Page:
After, we trekked up to a temple on the side of the mountain, and then further up the road to a little watering spot. This was all extremely beautiful. That picture up there on the left is from the parking lot of the temple. The building is what the OAF would call a "temple" but most people in Korea know it as a 화장실 (toilet). Over to the right is a picture of what I think are prayer requests? I dunno, perhaps the BKF can drop in and help me on that. Finally, from that temple, below left is a bit of art that struck me as odd. This type of art was on the outside of the main building - it was on all the exterior panels. I'm not sure why it struck me. I don't think I've ever seen temple art done solely in this kind of blue-mood and the style strikes me as a bit different. I'll have to look back at my other photos to make sure I'm not imagining this.
It could also be the result of my narrow experience with Korean culture, but these panels stuck out to me.
Then off to find a love hotel for the OAF and I. 종규 knew of a good one called Shilla and so, for 50K won we settled in there. It had a big old flat screen TV, good AC and also a computer which could be run to the big old flat screen if desired. Being that it was a love motel it also had, directly outside our door, the requisite vending machine full of improbable looking devices to improve the sex-act. As the OAF and I are not married, we cannot indulge in such shennanigans and instead I took a photo of the thing.
Then it was off to a tuegi-galbi dinner which was extraordinary. I got to practice my shitty Korean on the Lee's who were excellent hosts and even better company. We managed to make due with the language gap. 종규 did what he could to translate, which was often pretty good. His English has improved since I met him in the States.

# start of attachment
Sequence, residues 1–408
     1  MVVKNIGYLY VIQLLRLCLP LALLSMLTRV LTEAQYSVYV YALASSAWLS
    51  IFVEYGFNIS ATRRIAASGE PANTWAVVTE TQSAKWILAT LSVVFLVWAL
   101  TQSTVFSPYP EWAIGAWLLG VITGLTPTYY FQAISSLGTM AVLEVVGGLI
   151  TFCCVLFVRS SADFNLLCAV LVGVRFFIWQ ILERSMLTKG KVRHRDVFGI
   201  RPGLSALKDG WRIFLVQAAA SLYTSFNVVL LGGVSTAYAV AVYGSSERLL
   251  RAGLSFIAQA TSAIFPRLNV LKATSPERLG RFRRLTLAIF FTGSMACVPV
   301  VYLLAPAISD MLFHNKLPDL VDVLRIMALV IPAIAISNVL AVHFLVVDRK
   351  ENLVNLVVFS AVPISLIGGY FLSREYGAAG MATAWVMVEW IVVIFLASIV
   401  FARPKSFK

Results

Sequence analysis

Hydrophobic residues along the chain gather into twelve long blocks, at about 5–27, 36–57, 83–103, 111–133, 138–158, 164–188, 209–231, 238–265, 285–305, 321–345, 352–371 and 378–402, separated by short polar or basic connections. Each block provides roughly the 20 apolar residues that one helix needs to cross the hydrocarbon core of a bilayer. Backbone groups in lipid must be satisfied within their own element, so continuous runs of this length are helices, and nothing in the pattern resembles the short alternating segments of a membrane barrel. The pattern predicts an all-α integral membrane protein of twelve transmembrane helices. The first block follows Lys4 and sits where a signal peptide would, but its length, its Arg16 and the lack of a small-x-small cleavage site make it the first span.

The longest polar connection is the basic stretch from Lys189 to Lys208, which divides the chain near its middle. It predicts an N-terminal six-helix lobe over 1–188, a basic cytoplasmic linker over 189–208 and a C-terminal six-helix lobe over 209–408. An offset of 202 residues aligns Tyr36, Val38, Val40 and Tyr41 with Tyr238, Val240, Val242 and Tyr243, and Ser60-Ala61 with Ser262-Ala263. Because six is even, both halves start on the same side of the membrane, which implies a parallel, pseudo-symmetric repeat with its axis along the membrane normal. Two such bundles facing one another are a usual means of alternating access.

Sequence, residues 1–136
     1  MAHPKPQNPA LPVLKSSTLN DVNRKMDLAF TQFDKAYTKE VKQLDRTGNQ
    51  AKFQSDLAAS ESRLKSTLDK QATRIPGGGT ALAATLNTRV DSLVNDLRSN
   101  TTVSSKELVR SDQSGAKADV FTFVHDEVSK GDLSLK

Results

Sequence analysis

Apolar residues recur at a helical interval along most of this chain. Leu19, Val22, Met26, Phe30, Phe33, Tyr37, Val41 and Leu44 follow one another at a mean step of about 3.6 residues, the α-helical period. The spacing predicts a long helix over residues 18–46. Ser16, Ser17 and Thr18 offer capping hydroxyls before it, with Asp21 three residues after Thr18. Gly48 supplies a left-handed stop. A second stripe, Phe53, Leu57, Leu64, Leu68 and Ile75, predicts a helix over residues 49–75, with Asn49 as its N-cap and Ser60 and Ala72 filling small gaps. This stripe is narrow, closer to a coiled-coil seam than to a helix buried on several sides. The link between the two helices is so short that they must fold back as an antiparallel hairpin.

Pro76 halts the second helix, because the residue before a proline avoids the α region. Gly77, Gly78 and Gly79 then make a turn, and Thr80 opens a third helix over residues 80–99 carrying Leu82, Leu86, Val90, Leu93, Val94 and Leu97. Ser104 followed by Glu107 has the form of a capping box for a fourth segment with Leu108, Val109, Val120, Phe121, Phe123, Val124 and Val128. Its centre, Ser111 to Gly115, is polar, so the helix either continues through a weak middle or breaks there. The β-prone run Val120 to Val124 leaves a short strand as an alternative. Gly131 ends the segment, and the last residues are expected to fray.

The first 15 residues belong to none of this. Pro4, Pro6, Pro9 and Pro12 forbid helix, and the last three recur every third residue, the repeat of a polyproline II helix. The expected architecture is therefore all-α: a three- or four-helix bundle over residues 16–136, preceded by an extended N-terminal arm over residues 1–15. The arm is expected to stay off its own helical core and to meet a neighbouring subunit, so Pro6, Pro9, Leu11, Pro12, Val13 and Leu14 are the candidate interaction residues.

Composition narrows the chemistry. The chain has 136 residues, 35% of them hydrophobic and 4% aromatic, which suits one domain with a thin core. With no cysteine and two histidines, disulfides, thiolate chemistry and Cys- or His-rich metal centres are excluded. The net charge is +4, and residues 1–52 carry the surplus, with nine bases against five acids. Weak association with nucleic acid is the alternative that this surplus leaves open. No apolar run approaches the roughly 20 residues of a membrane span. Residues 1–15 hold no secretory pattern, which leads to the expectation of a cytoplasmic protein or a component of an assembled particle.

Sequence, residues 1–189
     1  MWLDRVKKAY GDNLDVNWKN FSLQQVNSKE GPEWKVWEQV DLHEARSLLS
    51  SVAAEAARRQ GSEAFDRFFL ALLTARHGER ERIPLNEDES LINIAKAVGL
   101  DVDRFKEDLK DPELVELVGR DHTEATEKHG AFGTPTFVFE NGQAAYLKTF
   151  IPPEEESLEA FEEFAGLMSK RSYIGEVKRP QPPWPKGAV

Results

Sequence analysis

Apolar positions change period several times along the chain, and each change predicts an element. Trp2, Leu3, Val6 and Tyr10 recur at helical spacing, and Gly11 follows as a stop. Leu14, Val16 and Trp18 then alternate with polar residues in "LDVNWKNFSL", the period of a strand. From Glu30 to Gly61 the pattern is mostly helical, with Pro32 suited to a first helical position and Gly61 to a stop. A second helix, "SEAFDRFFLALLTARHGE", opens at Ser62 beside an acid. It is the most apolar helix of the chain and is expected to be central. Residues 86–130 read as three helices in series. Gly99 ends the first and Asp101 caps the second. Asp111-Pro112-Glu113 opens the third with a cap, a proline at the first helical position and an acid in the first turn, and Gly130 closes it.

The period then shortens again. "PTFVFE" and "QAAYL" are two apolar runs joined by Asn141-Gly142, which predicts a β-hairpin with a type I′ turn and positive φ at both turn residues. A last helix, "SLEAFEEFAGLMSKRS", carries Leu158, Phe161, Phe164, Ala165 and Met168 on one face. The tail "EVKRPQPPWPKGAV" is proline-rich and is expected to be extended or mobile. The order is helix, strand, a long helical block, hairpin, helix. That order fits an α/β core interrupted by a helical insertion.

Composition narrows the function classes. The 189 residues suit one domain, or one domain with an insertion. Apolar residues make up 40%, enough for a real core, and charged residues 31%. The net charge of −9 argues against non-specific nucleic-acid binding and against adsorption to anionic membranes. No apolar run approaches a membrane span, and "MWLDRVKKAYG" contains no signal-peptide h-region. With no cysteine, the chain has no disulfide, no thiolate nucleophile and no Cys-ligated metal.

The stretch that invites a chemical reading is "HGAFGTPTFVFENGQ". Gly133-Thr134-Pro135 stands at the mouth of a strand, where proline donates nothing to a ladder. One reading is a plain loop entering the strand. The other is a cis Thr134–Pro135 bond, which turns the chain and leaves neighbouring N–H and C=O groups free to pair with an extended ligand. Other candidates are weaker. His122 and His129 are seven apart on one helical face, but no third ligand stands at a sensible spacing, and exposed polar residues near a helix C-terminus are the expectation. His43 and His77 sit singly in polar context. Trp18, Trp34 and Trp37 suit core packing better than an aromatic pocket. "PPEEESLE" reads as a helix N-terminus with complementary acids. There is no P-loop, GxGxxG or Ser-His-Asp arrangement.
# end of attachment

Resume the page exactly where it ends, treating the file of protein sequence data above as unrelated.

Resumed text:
Then it was off to the Shilla and sleep.
Next morning we went over for lunch at the families' house, this time including an Uncle I remembered from the wedding. Same deal with lots of friendly chatter and Korean practice for me. Eventually though, we had to head back to Seoul, with the promise that we would return for Chusok next month. Should be (other than the legendary Chusok trafic) fun.
The lovely pic to the right is of one of the traditional Korean bells. Its picture will certainly show up in the "Heavy Metal" advert in my series of imaginary magazine advertisements for Korea.
Until then, however, with my photoblogging at least a little caught up, it's time for a lovely soju-based cocktail and some rest.
All in my new place, photos caught up, and another rev of "Camel Pouch" back to the BKF. That's enough of a day for anyone!
Adam took me in search of birdies and, indeed, we found some.. but first we found a variety of Koreans enjoying the water (and beating the heat) in various ways:
Also looking for something edible. This guy scared off the birds we were shooting, so we wandered down the river.
Got up and the alien wanted to go bookshopping, which we did a little of and then got involved in a pretty cool event across from the bookstore.
Saw a very large pavilion/temple with some traditional guards massing outside it and wandered across the street to check it out.
After something like a changing of the guards, we were invited up into the pavilion for a bell-ringing ceremony. Being more interested in taking photos, the OAF and I lurked around the edges. At a certain point the guy leading the thing caught me counting along with him in Korean. He stopped his spiel and asked me if I spoke Korean. Which I do just well enough to recognize that question and answer that I don't speak very well. Still, it was funny to watch the two "LA" (OAF's characterization) Waegukin stare at me like I was some kind of funny monkey. Of course they had no idea I had just exhausted all my Korean except for taxi directions and food orders. ;-)